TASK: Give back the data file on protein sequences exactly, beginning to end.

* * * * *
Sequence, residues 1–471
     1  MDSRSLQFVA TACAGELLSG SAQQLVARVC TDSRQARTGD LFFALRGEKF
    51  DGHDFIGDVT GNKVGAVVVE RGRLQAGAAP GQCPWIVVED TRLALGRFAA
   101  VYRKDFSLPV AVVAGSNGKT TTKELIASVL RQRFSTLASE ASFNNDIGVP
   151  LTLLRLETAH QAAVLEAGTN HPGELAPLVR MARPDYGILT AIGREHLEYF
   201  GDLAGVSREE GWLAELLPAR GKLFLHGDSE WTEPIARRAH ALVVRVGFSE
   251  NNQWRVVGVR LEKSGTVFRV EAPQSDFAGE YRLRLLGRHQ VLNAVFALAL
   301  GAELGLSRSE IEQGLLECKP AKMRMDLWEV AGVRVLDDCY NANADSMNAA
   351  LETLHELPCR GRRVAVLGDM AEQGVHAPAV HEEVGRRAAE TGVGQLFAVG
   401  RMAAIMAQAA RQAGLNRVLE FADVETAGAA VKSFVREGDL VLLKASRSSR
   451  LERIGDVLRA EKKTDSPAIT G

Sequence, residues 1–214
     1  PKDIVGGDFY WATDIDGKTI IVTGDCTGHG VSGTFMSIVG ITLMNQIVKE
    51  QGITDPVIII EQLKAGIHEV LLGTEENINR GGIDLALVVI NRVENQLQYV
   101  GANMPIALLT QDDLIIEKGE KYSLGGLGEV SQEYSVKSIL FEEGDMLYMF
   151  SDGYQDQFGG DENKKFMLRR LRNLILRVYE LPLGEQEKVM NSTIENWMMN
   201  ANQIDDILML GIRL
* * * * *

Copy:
Sequence, residues 1–471
     1  MDSRSLQFVA TACAGELLSG SAQQLVARVC TDSRQARTGD LFFALRGEKF
    51  DGHDFIGDVT GNKVGAVVVE RGRLQAGAAP GQCPWIVVED TRLALGRFAA
   101  VYRKDFSLPV AVVAGSNGKT TTKELIASVL RQRFSTLASE ASFNNDIGVP
   151  LTLLRLETAH QAAVLEAGTN HPGELAPLVR MARPDYGILT AIGREHLEYF
   201  GDLAGVSREE GWLAELLPAR GKLFLHGDSE WTEPIARRAH ALVVRVGFSE
   251  NNQWRVVGVR LEKSGTVFRV EAPQSDFAGE YRLRLLGRHQ VLNAVFALAL
   301  GAELGLSRSE IEQGLLECKP AKMRMDLWEV AGVRVLDDCY NANADSMNAA
   351  LETLHELPCR GRRVAVLGDM AEQGVHAPAV HEEVGRRAAE TGVGQLFAVG
   401  RMAAIMAQAA RQAGLNRVLE FADVETAGAA VKSFVREGDL VLLKASRSSR
   451  LERIGDVLRA EKKTDSPAIT G

Sequence, residues 1–214
     1  PKDIVGGDFY WATDIDGKTI IVTGDCTGHG VSGTFMSIVG ITLMNQIVKE
    51  QGITDPVIII EQLKAGIHEV LLGTEENINR GGIDLALVVI NRVENQLQYV
   101  GANMPIALLT QDDLIIEKGE KYSLGGLGEV SQEYSVKSIL FEEGDMLYMF
   151  SDGYQDQFGG DENKKFMLRR LRNLILRVYE LPLGEQEKVM NSTIENWMMN
   201  ANQIDDILML GIRL